and our anxiety in forward:

These hands have not let you down yet,
O, Skipper, my skipper. Give them
a fair chance. Show them how you want
to be shoved, how you like your pushing.

I think you think that I don't know
what can go wrong in tight spaces.
I do.

I think you think that I can vault
over the side of your boat and its spider
web of childproofing like a gazelle
clearing tall savannah grass.
I can't yet, but show me how.

I don't want my skull crushed in
indigo ice water between
the hull of the boat and the dock.
What a way to spoil an overnight.
I wait.

You return to the slip for me: take two.
I clamber aboard, chastened, as a man with no horse
in this race expertly frees us from the dock, godspeed.

With you at the wheel, 
I silently plot a bolder course.

I remember what I understand completely:
the perfect heat of your hand on mine,
the curve of your lower back,
the morning I opened my eyes and
found you smiling
as if you'd
just come home.


II. LAKERS AND SALTIES

Son of Milwaukee, you are a laker.
Long before the neighbors built too high,
the lake watched you sleeping
and hoped each morning that
you would come out to play.

I am a saltie. Waves mean ocean,
ocean means Atlantic, Atlantic means
the Garden State Parkway, the Garden
State Parkway means downashore,
and downashore means 25-cent toll
booths and boardwalk and tram cars
and saltwater taffy and muscle shirts.
Downashore means rental cottages
with beach towels drying on porches
and moldering carpets full of sand.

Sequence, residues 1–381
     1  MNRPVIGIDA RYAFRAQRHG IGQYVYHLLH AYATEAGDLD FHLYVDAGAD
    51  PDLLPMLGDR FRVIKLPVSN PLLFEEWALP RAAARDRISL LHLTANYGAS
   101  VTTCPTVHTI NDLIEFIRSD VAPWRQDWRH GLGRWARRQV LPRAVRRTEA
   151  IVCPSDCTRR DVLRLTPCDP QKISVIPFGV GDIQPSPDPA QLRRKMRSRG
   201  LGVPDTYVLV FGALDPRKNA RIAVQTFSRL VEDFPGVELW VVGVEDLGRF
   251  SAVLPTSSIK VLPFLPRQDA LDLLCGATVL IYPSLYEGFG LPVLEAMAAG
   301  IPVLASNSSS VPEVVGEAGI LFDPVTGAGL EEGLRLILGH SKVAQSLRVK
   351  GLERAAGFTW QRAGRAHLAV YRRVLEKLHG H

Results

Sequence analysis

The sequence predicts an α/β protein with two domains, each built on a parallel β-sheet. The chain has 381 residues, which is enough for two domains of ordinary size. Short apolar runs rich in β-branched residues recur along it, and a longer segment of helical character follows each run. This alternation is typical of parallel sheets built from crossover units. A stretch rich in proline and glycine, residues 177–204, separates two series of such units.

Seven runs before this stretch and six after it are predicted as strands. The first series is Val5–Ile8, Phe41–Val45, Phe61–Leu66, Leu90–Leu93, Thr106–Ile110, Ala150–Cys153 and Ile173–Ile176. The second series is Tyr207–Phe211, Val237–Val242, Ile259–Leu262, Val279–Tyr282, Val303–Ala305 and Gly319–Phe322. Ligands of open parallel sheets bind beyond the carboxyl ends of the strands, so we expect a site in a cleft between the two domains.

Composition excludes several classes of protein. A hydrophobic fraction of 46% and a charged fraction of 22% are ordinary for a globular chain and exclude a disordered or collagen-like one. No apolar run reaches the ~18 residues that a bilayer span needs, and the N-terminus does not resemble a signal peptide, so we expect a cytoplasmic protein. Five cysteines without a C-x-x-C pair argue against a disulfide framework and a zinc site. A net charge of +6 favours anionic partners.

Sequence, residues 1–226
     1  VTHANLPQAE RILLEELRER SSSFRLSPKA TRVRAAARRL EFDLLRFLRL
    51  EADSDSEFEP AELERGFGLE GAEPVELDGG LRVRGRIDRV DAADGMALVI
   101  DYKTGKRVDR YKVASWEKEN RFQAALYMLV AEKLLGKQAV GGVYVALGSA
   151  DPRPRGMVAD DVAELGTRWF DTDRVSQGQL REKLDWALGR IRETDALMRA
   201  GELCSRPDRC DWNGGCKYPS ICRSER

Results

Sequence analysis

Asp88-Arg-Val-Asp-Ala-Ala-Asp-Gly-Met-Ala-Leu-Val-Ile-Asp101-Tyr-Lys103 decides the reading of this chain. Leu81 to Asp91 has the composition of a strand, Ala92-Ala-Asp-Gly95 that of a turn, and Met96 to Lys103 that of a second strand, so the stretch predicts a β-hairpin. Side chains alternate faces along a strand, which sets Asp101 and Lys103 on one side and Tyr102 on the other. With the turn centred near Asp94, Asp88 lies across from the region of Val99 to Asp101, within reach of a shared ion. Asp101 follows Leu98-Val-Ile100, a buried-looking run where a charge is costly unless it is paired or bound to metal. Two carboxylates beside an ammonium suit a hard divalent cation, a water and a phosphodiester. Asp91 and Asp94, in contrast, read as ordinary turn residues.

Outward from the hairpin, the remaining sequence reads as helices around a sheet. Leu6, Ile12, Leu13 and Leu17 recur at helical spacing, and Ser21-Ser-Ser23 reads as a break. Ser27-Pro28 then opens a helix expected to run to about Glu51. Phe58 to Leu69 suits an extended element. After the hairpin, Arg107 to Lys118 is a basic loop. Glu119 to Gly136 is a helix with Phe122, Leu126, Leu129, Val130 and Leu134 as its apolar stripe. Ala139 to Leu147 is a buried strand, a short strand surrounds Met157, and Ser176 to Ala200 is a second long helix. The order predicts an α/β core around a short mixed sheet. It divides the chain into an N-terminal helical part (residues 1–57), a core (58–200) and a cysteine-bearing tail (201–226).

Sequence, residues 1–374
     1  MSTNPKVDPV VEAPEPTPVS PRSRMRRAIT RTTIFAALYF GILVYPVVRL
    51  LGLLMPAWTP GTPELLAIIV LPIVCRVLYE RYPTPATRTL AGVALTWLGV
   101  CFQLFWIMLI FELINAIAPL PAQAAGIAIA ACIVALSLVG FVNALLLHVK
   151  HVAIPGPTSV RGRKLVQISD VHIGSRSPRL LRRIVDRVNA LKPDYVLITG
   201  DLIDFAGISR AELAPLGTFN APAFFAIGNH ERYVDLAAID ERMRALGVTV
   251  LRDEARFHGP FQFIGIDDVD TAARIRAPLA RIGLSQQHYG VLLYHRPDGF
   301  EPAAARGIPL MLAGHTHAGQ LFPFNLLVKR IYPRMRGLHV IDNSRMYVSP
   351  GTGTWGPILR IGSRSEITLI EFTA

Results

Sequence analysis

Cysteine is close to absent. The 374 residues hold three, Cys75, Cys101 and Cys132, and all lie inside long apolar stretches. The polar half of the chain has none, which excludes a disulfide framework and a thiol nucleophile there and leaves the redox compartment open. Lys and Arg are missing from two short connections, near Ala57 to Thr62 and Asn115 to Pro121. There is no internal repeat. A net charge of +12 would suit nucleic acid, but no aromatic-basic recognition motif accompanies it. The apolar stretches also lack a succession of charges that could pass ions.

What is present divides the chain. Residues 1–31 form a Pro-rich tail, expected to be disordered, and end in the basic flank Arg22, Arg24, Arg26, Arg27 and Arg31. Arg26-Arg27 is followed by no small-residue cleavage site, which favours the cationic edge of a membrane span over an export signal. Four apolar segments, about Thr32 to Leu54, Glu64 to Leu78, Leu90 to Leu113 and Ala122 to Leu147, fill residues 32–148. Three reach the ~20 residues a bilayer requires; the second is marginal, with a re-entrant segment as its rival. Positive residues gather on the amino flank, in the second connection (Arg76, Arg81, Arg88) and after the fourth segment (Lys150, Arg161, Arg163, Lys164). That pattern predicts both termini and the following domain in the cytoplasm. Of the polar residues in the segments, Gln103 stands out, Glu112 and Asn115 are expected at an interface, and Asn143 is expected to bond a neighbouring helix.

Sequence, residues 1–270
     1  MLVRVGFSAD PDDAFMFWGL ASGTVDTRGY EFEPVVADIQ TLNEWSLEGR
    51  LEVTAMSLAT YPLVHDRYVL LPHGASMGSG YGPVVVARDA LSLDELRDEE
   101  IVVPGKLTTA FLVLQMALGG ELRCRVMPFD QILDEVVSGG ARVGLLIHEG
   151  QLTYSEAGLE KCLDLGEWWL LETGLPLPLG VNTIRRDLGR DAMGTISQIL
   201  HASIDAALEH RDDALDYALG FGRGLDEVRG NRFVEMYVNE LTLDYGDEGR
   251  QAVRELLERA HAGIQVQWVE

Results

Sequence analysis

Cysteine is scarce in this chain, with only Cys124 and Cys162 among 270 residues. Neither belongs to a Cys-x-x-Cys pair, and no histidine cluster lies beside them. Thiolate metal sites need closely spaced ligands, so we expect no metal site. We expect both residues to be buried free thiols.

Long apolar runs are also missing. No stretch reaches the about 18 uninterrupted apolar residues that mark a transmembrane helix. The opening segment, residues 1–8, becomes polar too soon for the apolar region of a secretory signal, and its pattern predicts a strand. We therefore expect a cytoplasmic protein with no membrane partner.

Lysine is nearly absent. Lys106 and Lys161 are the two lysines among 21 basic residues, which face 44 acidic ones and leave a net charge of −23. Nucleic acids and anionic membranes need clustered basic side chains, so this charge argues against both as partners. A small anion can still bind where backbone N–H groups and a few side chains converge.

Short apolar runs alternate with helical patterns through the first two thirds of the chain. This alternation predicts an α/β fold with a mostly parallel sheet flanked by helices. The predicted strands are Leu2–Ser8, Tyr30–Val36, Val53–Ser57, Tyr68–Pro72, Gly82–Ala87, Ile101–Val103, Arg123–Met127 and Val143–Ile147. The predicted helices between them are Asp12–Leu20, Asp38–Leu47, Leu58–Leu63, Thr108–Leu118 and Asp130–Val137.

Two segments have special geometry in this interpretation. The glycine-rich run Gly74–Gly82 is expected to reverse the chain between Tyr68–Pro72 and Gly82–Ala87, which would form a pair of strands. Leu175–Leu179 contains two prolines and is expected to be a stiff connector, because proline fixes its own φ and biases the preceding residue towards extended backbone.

III. NAVIGATION

You let me drive your Dodge Ram, your Kubota
mower and the Belafonte: the hat trick,
the love trifecta. We are going steady.

We sail north on Lake Superior through
a sprinkling of islands, the Apostles.
At the helm, I strain to see the telltales
trailing from the sails. The green plume
is up and out, but the red is drooping.

The green, he’s happy, I say. 
I turn slightly starboard, into the wind.
The red ribbon lifts, flying parallel to the green.
Look, she's happy too, I tell you.

You smile that smile, my favorite telltale of all.
You ask how I know which is a he and which is a she.
I tell you I just know. Sometimes, I just do.

 

IV. TRIMMING THE JENNY

You are very proud of your Genoa sail
(the jenny, you say, they also call it a jenny)
and its smooth-talking, no-nonsense rolling furler.

I envy this blithe jenny, smoothly and silkily rising
to take its rightful place in the summer sun.
So unlike your Jenny, who often twists and
tangles coming and going.

The jenny catches wind as you tighten the sheet.
I feel it: lift. We fly. 

The slightest breezes always stir my own sails.
They tug me this way and that.
From now on, my anchor will reside in the water, 
unless I have you along for the ride. I like the way
you trim this Jenny. If it's all the same to you,
I want you on my crew.

Now you trim the mainsail of the Belafonte
with your usual shatterproof concentration. 
I sneak glimpses of your extraordinary face
and stay the course as you call it.